Bat Houses Actually Work
After the harrowing episode of being attacked by bats inside my cabin, I looked for a way to get them out of the cottage roof yet keep them living on the property for bug control.
Installing A Bat House At The Cabin
I installed three bat houses on tall aspen trees close to the cottage. They were placed in a position so as to get as much sun as possible and were high enough, roughly 20 feet, to be beyond the reach of most predators.
To be honest, I had low expectations for success. Despite the height at which the bat houses were installed, I wasn’t sure if the houses would be exposed to enough sunshine and hold enough heat to be appealing to the bats. My other concern was that the resident fisher might climb the tree and find a way to get at the sleeping bats. Ideally, the bat houses would be installed on metal poles.
The first summer seemed to prove my initial doubts were valid. I constantly surveyed the ground for bat guano which I thought would have provided evidence of their usage of the houses. I found none and decided the bat houses had been rejected.
Little Brown Bats Moved In
Last summer a storm brought down the top half of one of the trees, and with it, the bat house. Expecting for find no inhabitants, I was surprised to see that there were six bats huddled together at the back of the bat house. It wasn’t a large colony, but a positive sign nonetheless.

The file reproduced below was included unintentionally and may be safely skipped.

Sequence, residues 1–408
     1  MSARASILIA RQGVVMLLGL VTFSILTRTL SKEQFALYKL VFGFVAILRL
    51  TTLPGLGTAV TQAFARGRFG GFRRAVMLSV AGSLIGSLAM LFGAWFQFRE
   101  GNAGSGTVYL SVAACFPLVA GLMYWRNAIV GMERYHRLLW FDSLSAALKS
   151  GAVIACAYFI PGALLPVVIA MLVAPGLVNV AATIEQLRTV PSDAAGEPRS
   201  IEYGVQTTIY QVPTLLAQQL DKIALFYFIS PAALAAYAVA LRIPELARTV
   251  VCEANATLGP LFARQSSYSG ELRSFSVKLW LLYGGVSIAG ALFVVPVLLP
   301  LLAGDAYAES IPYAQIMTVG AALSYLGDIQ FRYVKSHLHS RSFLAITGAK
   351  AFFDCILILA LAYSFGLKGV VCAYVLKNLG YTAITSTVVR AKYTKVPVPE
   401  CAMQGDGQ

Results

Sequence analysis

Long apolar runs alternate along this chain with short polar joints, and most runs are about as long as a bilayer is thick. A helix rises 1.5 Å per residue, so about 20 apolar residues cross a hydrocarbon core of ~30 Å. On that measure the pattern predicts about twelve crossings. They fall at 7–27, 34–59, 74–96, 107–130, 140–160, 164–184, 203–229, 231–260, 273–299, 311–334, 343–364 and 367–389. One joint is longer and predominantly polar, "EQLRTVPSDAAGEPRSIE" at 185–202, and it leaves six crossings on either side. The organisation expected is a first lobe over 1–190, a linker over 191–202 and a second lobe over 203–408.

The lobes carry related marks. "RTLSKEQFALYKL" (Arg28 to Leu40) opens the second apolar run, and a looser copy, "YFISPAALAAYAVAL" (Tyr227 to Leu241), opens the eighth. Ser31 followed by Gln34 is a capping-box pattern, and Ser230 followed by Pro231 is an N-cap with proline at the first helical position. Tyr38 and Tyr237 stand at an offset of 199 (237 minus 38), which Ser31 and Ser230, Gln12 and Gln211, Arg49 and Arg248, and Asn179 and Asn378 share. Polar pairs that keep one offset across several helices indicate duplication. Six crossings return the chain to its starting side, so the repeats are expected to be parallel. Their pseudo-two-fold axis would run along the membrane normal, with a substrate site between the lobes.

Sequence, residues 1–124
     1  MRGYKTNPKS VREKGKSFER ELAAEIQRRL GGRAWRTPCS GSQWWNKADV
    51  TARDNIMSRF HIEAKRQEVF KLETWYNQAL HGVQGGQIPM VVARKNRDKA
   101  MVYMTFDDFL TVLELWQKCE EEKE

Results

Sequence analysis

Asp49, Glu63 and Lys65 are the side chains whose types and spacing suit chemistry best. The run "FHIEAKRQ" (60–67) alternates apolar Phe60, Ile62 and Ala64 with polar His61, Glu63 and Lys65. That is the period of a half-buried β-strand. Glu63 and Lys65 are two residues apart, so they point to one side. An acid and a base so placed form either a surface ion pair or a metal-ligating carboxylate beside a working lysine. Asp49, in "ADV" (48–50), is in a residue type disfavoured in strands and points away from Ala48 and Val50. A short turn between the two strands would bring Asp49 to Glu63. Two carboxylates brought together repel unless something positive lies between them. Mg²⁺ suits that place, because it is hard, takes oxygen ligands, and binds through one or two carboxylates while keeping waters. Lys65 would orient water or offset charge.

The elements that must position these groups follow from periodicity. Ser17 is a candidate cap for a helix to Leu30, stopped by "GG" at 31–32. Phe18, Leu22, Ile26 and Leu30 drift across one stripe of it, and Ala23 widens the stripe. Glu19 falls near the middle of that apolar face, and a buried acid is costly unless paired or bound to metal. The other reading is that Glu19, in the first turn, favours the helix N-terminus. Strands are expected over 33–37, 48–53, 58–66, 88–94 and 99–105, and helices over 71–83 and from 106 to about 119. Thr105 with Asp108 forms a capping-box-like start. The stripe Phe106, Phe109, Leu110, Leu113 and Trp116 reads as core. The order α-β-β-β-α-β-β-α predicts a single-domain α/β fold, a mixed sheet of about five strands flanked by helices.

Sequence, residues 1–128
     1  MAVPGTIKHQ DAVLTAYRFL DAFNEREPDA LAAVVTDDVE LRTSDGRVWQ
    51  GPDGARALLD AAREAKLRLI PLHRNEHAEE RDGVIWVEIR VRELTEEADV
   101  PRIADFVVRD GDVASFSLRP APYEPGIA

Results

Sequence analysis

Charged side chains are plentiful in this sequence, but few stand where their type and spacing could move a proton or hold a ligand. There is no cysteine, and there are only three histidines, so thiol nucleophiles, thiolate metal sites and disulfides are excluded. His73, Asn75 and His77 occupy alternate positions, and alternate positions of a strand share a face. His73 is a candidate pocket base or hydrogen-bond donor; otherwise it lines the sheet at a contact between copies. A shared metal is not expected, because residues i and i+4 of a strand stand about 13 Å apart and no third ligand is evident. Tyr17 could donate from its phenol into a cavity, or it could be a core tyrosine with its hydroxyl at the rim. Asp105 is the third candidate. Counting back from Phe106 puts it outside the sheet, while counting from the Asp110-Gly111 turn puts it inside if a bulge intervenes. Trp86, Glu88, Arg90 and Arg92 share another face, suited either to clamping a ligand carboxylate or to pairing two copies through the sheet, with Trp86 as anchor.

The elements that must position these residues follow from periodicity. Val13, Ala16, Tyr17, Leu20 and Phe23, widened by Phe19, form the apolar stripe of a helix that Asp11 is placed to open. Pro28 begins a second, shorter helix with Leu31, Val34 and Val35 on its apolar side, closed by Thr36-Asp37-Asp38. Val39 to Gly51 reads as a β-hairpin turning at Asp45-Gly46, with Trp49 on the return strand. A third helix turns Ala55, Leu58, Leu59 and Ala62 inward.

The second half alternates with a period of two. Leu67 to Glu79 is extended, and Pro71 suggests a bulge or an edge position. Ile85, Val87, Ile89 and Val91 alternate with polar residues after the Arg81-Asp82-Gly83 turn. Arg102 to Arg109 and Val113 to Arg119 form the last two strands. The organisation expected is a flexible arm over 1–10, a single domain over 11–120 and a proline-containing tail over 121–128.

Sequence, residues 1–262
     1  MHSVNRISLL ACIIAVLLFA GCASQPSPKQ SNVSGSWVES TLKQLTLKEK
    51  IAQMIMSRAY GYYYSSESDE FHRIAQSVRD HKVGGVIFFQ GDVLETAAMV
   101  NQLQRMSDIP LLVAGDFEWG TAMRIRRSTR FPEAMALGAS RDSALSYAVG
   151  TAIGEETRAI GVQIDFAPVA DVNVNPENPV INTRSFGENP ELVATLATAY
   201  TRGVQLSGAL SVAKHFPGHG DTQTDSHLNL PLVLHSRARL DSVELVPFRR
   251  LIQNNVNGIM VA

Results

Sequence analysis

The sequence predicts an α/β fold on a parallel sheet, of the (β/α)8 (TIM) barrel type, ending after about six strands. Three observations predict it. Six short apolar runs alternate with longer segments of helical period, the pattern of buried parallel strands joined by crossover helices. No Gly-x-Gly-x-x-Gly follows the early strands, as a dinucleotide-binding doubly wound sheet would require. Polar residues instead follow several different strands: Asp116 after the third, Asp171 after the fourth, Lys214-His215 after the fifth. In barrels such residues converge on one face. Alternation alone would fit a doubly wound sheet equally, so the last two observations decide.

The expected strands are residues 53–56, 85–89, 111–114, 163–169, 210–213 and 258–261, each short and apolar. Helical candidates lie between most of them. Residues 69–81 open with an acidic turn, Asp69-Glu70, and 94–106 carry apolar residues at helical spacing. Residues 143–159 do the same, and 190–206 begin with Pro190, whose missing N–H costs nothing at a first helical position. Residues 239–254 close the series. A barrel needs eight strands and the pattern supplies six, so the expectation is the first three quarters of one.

The crash had broken the house and the bats appeared to be a bit dazed but relatively unharmed. I carefully removed the house and placed it on top of the storage shed hoping the bats would be fit enough to leave and move into one of the other houses once the sun had set.
The next morning I was pleased to see that none of the bats were still in the house. They either flew away in the night or became dinner for one of the local predators.
The Bats Came Back
This summer I decided to brave the mosquitoes and stood vigil one night to see if the bat houses had inhabitants. As the sun set and darkness began to fall a single bat drifted by, but it had not emerged from either of the bat houses.
Several minutes slowly and painfully ticked away as more bats fluttered past the front of the cabin but still none had taken flight from the bat houses. With the mosquitoes in full assault, I decided to call off the watch.
Just then, a dark figure emerged from the bottom of the north-side bat house. A moment later, a second bat appeared from the same location. Satisfied that my bat houses had found tenants, I returned to the cabin.
There is some debate as to the types of insects the bats prefer to eat but hopefully the little brown bats devoured a few of the mosquitoes that had feasted on my blood during my watch.
Here is a popular ready-made bat house and a great handbook on how to build your own bat houses.
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Written and photographed by: Andrew S. Walker
Go to the Going Batty article to see what happened when our editor was attacked by bats inside the cabin, and what he did to finally get them out.
Go to the Bat Tips page to get information on how to get bats out of the cottage roof or attic and how to make sure they don’t come back.